I like to get this major sh**fight out of the way before I have to focus on other things, like making sure I’ve bought (and wrapped, in secret while everyone’s asleep) all the The Airline Lost My Bag Shirt , then preparing for the feast, making all arrangements, buying food while battling snarling sweat-demons at the supermarket. It will be even more fun this year, with “social-distancing” at peak-pre-Christmastime. Wonder what that’s gonna look like? Our family have always had a slight (very slight) advantage of having Christmas one day earlier than most Australians. However, if we’re doing it this year, we’re staggering it. Maybe it’s time more people did. Our Christmas will be about a week early. This avoids the mass-hysteria grocery shopping, it will be one week less hot (temps go crazy on Christmas Day), and we can relax after, while everyone else is still stressed and suffering. I’ve talked my family into it. In previous years, there was some resistance, as it wasn’t “real Christmas time”. But “Christmastime” is just an idea in our heads, and no day is really any different to another. Christ wasn’t even born on December 25. And he’s not complaining that people changed his day to a time that was more convenient, so why should anyone complain about a re-change? Anyway, sorry, my main answer is “Yes, we can absolutely put up our dex early, because Christmas preps are such a nightmare, that I want to get a full two months mileage out of them before I have to take them down again in the new year.”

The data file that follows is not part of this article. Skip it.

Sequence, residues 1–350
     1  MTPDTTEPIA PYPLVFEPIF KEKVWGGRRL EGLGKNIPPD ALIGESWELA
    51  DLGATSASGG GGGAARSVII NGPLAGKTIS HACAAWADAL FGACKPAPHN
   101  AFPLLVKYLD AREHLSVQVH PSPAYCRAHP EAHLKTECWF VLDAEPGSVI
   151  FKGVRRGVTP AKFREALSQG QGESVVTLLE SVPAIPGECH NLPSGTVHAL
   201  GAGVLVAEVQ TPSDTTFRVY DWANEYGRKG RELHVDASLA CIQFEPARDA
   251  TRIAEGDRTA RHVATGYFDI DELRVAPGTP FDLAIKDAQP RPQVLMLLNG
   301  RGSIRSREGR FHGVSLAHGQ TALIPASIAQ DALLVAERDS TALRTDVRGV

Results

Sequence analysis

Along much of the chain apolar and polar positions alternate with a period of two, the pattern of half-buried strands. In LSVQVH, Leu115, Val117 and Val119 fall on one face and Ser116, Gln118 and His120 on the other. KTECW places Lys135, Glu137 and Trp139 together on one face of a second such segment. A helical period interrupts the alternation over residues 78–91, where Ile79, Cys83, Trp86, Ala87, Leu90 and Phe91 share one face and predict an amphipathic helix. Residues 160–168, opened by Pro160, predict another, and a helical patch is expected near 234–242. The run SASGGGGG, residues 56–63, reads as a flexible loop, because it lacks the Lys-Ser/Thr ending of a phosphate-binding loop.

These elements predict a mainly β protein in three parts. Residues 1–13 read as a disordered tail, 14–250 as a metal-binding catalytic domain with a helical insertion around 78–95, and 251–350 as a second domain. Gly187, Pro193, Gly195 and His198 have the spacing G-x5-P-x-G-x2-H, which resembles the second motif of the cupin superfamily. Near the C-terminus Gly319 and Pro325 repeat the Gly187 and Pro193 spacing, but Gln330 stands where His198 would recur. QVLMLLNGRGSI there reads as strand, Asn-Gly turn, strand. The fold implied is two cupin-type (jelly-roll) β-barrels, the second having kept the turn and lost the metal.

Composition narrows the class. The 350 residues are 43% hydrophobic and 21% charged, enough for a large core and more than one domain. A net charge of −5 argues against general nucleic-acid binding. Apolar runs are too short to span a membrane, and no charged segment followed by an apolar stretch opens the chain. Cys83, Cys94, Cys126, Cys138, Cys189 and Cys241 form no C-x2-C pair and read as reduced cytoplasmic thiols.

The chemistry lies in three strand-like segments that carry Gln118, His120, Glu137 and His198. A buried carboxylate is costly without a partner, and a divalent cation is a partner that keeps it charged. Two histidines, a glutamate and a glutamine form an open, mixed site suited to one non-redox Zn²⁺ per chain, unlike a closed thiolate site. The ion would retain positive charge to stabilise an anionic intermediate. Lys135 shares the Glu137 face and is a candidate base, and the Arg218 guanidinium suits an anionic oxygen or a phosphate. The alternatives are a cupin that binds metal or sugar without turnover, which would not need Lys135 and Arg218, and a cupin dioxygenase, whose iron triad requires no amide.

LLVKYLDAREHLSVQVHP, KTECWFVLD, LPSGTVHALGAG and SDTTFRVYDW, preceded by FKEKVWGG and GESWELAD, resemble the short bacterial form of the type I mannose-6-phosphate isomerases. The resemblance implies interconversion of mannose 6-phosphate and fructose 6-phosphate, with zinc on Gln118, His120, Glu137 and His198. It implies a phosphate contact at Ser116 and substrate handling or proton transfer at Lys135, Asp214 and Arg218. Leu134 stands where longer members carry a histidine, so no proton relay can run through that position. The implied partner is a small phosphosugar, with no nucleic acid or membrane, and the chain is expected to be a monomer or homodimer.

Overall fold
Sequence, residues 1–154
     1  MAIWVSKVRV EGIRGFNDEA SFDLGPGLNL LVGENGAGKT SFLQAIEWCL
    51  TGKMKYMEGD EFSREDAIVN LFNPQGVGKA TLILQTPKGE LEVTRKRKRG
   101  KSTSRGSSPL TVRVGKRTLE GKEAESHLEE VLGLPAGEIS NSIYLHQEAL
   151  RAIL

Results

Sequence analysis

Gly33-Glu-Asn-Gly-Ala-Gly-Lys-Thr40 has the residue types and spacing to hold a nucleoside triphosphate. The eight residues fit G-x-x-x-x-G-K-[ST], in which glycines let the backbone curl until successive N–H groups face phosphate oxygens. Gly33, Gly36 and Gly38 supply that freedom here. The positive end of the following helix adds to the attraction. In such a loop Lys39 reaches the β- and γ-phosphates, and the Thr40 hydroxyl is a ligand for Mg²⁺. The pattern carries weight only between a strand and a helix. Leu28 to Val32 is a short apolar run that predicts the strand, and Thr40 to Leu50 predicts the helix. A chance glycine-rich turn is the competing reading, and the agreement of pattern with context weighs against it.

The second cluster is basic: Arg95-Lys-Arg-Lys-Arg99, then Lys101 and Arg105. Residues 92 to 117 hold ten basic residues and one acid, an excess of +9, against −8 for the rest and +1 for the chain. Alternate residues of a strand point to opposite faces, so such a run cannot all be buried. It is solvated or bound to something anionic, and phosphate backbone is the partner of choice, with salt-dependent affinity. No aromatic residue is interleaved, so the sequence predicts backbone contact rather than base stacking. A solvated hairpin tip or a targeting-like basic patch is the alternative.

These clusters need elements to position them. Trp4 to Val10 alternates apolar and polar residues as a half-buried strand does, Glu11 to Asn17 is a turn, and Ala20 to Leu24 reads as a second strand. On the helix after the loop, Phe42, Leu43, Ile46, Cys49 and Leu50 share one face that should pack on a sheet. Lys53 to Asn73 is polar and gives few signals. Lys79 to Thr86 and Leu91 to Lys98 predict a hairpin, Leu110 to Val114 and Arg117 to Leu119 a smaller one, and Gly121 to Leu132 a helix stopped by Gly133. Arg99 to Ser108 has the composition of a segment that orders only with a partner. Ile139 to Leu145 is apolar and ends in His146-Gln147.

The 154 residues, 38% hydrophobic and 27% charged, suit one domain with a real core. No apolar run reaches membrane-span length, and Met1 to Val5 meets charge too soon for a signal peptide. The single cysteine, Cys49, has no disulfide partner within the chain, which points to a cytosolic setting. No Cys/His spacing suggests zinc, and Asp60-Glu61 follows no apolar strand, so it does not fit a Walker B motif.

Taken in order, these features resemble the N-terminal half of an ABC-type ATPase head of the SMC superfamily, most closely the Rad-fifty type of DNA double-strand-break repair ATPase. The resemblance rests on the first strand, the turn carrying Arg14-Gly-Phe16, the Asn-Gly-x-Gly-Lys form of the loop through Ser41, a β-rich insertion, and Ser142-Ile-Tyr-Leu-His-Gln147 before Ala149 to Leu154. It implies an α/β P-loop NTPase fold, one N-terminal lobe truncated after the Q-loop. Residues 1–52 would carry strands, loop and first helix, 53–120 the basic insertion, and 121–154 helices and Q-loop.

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It’s called the Lunar New Year because it marks the first new moon of the The Airline Lost My Bag Shirt calendars traditional to many east Asian countries including China, South Korea, and Vietnam, which are regulated by the cycles of the moon and sun. As the New York Times explains, “A solar year the time it takes Earth to orbit the sun lasts around 365 days, while a lunar year, or 12 full cycles of the Moon, is roughly 354 days.” As with the Jewish lunisolar calendar, “a month is still defined by the moon, but an extra month is added periodically to stay close to the solar year.” This is why the new year falls on a different day within that month-long window each year. In China, the 15-day celebration kicks off on New Year’s Eve with a family feast called a reunion dinner full of traditional Lunar New Year foods, and typically ends with the Lantern Festival. “It’s really a time for new beginnings and family gatherings,” says Nancy Yao Maasbach, president of New York City’s Museum of Chinese in America. Three overarching themes, she says, are “fortune, happiness, and health.